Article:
In May 1884, Wells refused to give up her seat on a Tennessee train and move to another rail car; when the conductor tried to forcibly move her she bit his hand. She was thrown off the train and successfully sued the train company, obtaining a $500 judgment in circuit court. The Tennessee Supreme Court overturned this judgment in 1887 and assessed Wells $200 in costs. This case was later cited as support by the U.S. Supreme Court in Plessy v. Ferguson, 163 U.S. 537 (1896), which found that segregation laws were not unconstitutional under the "separate but equal" doctrine which remained controlling law until Brown v. Board of Education, 347 U.S. 483 (1954).
    (An interesting note is that Plessy v. Ferguson was a "friendly" lawsuit carefully coordinated between Plessy and the railroad company, both of whom believed that the Supreme Court would find Louisiana's forced segregation laws unconstitutional. The railroad company wanted Plessy to prevail, as it did not want the expense of having to maintain two sets of passenger cars. Plessy was one-eighth African and seven-eighths European).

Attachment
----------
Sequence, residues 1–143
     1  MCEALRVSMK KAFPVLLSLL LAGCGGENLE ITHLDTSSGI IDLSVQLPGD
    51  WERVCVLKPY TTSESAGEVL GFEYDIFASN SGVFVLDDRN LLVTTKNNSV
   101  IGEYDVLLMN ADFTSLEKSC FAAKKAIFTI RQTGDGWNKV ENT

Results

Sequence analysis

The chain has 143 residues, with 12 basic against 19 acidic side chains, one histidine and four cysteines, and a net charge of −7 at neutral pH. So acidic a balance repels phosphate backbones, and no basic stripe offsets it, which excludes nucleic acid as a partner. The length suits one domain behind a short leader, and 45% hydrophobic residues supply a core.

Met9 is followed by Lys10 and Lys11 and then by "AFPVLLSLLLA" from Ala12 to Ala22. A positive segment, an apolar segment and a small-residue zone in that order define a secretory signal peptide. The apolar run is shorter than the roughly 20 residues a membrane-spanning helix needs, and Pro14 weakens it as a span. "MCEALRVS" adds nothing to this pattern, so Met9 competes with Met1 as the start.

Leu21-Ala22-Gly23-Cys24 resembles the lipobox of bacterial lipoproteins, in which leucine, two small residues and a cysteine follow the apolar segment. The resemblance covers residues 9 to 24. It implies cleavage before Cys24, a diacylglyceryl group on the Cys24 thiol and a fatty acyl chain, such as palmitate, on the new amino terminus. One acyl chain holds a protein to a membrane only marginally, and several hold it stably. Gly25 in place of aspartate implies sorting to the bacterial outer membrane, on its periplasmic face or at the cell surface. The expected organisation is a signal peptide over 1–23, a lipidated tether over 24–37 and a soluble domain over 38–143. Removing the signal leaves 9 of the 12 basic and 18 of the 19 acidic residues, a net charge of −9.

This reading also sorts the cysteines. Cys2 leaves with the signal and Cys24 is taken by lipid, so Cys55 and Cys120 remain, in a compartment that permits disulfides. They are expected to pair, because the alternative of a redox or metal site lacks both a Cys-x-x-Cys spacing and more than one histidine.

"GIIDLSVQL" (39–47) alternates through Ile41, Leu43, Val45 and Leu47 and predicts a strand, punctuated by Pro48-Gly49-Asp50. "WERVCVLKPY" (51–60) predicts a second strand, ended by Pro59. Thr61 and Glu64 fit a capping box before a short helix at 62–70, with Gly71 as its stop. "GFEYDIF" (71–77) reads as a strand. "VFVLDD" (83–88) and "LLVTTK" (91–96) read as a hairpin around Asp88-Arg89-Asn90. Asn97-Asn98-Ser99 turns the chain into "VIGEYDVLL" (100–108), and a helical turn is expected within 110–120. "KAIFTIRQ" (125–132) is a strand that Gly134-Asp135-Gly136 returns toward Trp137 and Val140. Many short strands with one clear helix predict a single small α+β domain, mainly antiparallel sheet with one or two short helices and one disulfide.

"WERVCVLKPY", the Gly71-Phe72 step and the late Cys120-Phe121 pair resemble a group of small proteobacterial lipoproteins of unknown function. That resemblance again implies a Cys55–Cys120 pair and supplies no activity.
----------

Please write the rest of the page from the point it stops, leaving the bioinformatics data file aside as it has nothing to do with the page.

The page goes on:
In 1889, Wells, who was working in Memphis as a schoolteacher, became owner of the Free Speech and Headlight, a newspaper published out of the Beale Street Baptist Church. Her opposition to segregation and articles decrying the poor condition of black schools led to her firing in 1891.
    Also in 1889, three of Wells' friends were lynched, which led her to become active in the national anti-lynching movement, in which she often collaborated with W.E.B. Du Bois and Frederick Douglas. In 1892, she published a famous anti-lynching pamphlet, "Southern Horrors: Lynch Law in All Its Phases."
    On May 27, 1892, a white mob destroyed the offices of Wells' newspaper. Because of threats on her life she soon moved to Chicago, where she wrote articles for the New York Observer and began to work for the Chicago Conservator, that city's oldest black newspaper.